Open Thread – 25 May 2017



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76 Responses to Open Thread – 25 May 2017

  1. Valissa says:

    “I Am History”: New Orleans Principal Forced Out Of Post For Merely Being Photographed Near Confederate Flag

  2. Fred says:

    Weather permitting spending some time in Southern Kentucky with a stop or two on the Bourbon Trail, just for sampling of course. Anyone have a recommendation besides the usual mass market stuff?

  3. Philippe says:

    The MSM seems to slowly discover the grim reality of Syria, and acknowledge that Assad will be part of the resolution process. A somehow balanced (*) assessment by the NYT ME correspondant.
    (*) the title of course is “fall”, not “liberation”, but one could understand, giving the consensus PC narration, that the latter world is still out of reach for these guys. In french we use to say “il faut donner du temps au temps”, something like one must give time to the time (to accomplish his work of transformation).

  4. mauisurfer says:

    Emir Abdelkader – Muslim, Sufi, sheikh, ferocious warrior, humanist, mystic, protector of his people against Western barbarism, protector of Christians against Muslim barbarism, so brave that the Algerian state insisted his bones were brought home from his beloved Damascus, so noble that Abe Lincoln sent him a pair of Colt pistols and the French gave him the Grand Cross of the Legion of Honour. He loved education, he admired the Greek philosophers, he forbade his fighters to destroy books, he worshipped a religion which believed – so he thought – in human rights. But hands up all readers who know the name of Abdelkader.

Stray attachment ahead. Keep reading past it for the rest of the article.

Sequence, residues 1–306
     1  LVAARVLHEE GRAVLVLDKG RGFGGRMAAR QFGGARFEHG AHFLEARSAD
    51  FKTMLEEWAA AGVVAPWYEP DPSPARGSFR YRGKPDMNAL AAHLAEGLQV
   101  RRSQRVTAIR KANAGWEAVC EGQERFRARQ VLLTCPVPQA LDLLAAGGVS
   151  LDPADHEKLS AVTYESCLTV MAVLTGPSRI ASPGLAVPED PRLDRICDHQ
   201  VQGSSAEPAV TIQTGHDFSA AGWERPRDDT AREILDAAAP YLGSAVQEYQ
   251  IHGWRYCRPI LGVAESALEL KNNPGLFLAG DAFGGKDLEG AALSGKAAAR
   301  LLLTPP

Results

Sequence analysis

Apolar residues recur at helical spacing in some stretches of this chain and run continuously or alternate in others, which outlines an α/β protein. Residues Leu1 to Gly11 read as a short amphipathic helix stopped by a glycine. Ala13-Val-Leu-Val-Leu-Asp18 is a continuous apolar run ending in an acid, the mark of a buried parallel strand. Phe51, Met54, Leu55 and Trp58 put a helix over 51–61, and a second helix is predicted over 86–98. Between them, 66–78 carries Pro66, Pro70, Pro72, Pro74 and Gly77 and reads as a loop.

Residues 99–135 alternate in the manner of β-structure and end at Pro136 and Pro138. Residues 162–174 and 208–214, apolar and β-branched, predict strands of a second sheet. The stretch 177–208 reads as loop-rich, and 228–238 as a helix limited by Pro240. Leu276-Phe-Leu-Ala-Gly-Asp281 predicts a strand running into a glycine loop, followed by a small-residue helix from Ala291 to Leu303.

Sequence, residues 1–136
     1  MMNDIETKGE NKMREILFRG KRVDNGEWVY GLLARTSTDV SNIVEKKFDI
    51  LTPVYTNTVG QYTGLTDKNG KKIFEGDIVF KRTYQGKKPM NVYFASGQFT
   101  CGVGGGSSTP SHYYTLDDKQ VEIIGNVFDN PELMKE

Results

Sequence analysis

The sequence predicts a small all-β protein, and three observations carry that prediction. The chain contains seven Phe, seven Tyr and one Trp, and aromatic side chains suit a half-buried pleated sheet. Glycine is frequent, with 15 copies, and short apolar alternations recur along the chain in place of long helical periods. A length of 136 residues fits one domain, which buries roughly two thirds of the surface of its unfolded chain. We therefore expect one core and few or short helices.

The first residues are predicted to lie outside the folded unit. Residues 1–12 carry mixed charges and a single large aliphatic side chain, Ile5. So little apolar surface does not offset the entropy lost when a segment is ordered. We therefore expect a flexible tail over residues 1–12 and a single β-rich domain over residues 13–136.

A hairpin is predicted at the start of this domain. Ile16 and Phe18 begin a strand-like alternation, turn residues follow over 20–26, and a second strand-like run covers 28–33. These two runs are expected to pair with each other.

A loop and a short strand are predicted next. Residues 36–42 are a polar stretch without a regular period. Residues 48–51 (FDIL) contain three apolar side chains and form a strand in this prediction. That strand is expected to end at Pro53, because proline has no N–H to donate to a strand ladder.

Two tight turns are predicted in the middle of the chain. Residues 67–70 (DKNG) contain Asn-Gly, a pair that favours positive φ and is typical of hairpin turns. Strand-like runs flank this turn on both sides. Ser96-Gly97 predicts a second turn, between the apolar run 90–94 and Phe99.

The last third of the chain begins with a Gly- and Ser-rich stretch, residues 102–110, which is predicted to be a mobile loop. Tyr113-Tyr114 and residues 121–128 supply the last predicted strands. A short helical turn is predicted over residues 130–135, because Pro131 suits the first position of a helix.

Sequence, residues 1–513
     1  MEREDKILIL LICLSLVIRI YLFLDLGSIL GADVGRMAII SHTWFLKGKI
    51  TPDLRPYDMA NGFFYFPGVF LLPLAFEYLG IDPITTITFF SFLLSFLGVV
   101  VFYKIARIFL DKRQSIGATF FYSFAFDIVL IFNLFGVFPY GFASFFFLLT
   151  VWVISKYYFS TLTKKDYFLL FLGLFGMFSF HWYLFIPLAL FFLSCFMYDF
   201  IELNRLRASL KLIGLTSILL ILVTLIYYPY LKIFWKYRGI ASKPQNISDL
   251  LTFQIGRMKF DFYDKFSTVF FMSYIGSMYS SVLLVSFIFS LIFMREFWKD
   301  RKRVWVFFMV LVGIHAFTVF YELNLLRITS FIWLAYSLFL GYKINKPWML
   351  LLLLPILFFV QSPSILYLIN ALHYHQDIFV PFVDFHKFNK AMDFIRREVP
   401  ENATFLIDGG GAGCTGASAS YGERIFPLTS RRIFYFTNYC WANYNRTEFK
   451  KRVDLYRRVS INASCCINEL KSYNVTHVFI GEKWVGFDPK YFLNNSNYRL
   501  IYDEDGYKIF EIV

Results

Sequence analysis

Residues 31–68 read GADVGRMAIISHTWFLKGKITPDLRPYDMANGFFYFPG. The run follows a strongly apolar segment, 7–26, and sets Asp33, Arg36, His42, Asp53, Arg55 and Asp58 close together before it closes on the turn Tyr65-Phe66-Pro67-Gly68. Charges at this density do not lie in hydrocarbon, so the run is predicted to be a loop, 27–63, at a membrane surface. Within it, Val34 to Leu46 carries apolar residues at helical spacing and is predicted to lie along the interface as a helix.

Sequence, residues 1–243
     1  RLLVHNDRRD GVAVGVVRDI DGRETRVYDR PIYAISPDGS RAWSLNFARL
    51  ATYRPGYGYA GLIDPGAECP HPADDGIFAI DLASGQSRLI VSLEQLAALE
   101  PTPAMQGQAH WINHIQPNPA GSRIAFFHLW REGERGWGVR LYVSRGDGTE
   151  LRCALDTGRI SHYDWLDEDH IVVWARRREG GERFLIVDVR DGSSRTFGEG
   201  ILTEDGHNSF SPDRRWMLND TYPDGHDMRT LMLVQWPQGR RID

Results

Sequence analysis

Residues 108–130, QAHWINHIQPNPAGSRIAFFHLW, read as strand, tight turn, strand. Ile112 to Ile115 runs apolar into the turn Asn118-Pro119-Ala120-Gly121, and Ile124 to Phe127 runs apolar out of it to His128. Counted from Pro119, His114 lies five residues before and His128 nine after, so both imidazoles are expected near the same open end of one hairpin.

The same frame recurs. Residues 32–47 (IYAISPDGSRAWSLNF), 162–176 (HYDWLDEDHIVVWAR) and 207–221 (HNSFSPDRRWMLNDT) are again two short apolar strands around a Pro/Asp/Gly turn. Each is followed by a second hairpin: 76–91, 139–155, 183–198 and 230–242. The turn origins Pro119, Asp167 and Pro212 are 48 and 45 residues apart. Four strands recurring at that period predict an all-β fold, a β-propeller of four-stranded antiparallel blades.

5. confusedponderer says:

    excellent question. Generally, my preferences in whisky terms go by an large to smokeys from Islay.
    I also like ‘irish whiskey’, bourbons and rye also, and there are some descent blends around. There is some interesting bourbon out there that ought to be interesting to be tried, some mass market stuff to the more expensive stuff…
    * Makers Mark (nice – nice bottles, nice aromatic taste)
    * Bulleit standard and Rye (both nice)
    * Blaton Barrel stuff (to make it short – all quite nice)
    * Basil Haydens 8 years (excellent – very aromatic)
    * Elijah Craig 12 years (excellent – very armoatic, mild, a favourite)
    * Bookers 8 years (excellent – very armoatic, a favourite)